We went into Boston, having saved the trip for a weekend, when the kids wouldn't be in school. My brother's family had been waiting for a reason to take the "Duck Tour," and we provided that reason.
We took the Massachusetts Turnpike ("Mass Pike"), and after forking over some cash, we got caught in a really long line of cars all wanting to be in the same lane we were in. The traffic couldn't be explained by the Red Sox playoff game, unless the tailgate parties for the night game started really early. But while we waited for our turn to get into Boston, my mom spotted these pastel-colored chemical storage tanks. If your company has to have ugly tanks to present to the world, the least you can do is make them look pretty. Hats off to the chemical company. You know who you are (and I don't).
As we were making our way to the parking area for the Duck Tour, we drove along the Charles River, where a special event, the Head of the Charles, was being held. Sculls and sailboats graced the waters.
At the Duck Tour, we were assigned to Tour #66, and this was our "duck," Longfellow Bridgett. The ducks were amphibious vehicles built for the Army during World War II. Now, they see happier duty.
Our captain/driver/tour guide was Sgt. Meatball (seen here explaining to the people right behind his seat that his chair will smash their feet if they get too close), who trained us to quack twice on command. "I say, 'Luau," and you say..." "Quack, quack!" we said. Sgt. Meatball had us quack at the people we passed on the street. He chose people who waved at us, and also people who looked like they could use a quack.
Part of our drive around the city took us past the cemetary where Samuel Adams and other founding fathers are buried. Sgt. Meatball pointed out that the bar across the street is the only place where you can drink a cold Samuel Adams while looking at a cold Samuel Adams.
There were parts of downtown Boston, like this one, which are Quack-Free Zones, out of respect for the folks along the route. I suppose the people who shop in these districts are above goofiness and things like quacking. Their loss...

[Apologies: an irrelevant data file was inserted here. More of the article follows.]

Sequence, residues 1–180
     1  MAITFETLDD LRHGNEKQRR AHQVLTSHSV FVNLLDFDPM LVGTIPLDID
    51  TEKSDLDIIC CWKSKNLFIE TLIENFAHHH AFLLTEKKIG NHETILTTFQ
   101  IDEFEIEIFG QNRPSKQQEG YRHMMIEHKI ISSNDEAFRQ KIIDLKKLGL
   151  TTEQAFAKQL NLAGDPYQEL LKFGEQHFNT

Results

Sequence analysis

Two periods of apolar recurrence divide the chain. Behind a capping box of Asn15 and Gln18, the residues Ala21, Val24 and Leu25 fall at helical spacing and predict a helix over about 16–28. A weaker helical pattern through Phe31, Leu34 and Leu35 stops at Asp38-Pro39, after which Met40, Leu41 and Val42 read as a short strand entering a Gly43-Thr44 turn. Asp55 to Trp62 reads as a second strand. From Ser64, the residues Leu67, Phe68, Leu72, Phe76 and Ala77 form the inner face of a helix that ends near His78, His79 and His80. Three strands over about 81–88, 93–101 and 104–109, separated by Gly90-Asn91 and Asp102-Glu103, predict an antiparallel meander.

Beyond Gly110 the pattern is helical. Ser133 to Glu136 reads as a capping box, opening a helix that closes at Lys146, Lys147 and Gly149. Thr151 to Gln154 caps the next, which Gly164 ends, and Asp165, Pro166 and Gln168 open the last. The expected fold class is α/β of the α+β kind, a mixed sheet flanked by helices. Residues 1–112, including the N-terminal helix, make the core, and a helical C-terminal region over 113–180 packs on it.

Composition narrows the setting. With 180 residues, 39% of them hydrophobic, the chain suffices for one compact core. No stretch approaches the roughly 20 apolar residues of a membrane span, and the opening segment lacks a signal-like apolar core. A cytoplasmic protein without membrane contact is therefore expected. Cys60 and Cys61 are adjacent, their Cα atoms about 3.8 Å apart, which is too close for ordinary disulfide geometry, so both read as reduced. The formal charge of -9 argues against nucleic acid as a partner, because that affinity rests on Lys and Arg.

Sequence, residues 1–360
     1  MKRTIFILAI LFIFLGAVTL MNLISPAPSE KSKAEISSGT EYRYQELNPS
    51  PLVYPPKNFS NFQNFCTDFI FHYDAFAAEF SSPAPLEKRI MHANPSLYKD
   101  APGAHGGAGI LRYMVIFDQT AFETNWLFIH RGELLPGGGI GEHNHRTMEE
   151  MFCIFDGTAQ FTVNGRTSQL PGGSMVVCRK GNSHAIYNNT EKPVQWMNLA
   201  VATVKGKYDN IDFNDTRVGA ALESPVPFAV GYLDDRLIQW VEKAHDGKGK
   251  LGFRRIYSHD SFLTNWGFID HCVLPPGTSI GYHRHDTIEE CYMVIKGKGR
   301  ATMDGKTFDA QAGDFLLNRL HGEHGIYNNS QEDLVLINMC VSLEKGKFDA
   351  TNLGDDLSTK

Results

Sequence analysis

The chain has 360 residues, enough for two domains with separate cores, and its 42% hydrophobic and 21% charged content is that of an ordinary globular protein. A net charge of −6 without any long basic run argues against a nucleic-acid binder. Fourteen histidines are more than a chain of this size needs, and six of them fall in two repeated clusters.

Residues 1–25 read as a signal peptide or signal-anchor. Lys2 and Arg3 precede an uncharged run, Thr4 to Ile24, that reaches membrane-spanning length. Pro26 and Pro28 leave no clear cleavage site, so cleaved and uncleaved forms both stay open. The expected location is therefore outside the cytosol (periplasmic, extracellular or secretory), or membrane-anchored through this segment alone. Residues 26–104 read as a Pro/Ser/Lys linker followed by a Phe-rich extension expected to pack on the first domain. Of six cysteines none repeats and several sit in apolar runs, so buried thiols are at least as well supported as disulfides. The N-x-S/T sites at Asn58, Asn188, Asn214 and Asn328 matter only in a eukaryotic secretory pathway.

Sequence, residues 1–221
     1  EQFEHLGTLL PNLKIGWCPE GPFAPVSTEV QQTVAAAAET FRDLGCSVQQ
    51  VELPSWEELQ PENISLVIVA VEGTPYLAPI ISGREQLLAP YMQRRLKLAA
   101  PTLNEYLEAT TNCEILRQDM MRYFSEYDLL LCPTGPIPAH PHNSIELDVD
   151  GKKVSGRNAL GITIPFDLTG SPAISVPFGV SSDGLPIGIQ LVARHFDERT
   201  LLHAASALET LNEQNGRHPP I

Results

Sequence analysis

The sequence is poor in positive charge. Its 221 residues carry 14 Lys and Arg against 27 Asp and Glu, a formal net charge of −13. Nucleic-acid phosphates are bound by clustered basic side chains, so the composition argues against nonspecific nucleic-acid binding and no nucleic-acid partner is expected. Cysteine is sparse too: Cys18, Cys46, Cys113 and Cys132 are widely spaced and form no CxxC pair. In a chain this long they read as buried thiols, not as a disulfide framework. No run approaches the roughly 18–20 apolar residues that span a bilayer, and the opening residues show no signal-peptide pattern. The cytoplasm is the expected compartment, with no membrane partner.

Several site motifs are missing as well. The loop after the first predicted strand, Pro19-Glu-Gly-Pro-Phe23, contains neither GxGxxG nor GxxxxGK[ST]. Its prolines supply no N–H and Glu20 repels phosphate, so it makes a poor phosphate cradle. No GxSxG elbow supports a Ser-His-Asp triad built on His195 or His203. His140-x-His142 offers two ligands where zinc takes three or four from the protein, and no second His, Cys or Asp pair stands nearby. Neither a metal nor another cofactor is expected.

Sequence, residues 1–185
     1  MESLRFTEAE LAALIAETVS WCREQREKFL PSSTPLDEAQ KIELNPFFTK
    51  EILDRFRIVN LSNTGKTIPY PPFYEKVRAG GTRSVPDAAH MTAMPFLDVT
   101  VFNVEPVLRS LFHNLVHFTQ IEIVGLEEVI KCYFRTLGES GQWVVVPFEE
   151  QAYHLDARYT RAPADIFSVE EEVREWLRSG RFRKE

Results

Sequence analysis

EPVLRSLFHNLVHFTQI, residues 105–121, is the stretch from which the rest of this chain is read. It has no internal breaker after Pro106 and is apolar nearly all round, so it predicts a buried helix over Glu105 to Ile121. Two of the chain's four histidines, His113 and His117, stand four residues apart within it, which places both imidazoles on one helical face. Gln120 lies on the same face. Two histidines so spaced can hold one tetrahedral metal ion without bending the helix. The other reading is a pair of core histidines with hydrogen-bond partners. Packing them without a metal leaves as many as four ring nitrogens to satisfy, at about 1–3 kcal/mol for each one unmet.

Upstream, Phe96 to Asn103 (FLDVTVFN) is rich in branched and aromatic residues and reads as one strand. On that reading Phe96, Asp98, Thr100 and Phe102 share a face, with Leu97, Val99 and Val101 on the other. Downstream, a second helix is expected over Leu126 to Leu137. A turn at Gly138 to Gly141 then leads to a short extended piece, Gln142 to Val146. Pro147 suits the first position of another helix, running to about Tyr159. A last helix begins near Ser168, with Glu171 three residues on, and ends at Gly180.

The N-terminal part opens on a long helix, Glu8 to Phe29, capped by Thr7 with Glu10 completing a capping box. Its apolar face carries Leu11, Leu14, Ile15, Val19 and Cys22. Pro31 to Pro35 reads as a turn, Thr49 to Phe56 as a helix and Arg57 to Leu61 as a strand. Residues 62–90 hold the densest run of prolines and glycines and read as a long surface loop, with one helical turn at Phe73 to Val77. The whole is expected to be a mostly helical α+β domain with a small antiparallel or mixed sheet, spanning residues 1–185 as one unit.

Then we went into the water. Sgt. Meatball disengaged the transmission, engaged the propeller, and we coasted down the boat ramp and into the Charles River with a rooster tail of a splash. In the middle of the river, with no other vehicles around us, he invited any children who wanted to to come up and drive the duck. Four kids so chose, including my nephew and niece. And then he let adults have a try, and my sister-in-law volunteered. So now my brother is the only one in their immediate family who hasn't driven a duck.
This is part of the view from the river. The Citgo sign is a landmark people use for finding Fenway Park, which is to the left of the sign.
After our Duck Tour, we decided not to look at any of the landmarks up close, partly because of the parking challenges and the other part because we had a long drive back up the Pike to get home. On our way into Boston, my brother and his wife had worked diligently to avoid taking any tunnels that were part of the Big Dig. Just in case. But on the way back to the Pike, the best directions the girl at the information booth could give us took us squarely into Big Dig territory and multiple tunnels. Out of fairness, we didn't see any leakage (though there was one spot where the wall covering had been removed and you could see concrete or something in the gap, but it was gone too fast to get much detail), and the tunnels didn't fall in on us.
We were relieved to get back to the safety of the Pike, and then home.
At home, Scooter was so happy to see us that he jumped out of the motorhome (where he had napped while we were gone), jumped against my mom's leg for joy, ran over to me and jumped against my leg for joy, then ran back to the motorhome and jumped in and stood over his leash, and waited for me to put it on him, then he jumped back outside and watered the tree. Silly boy.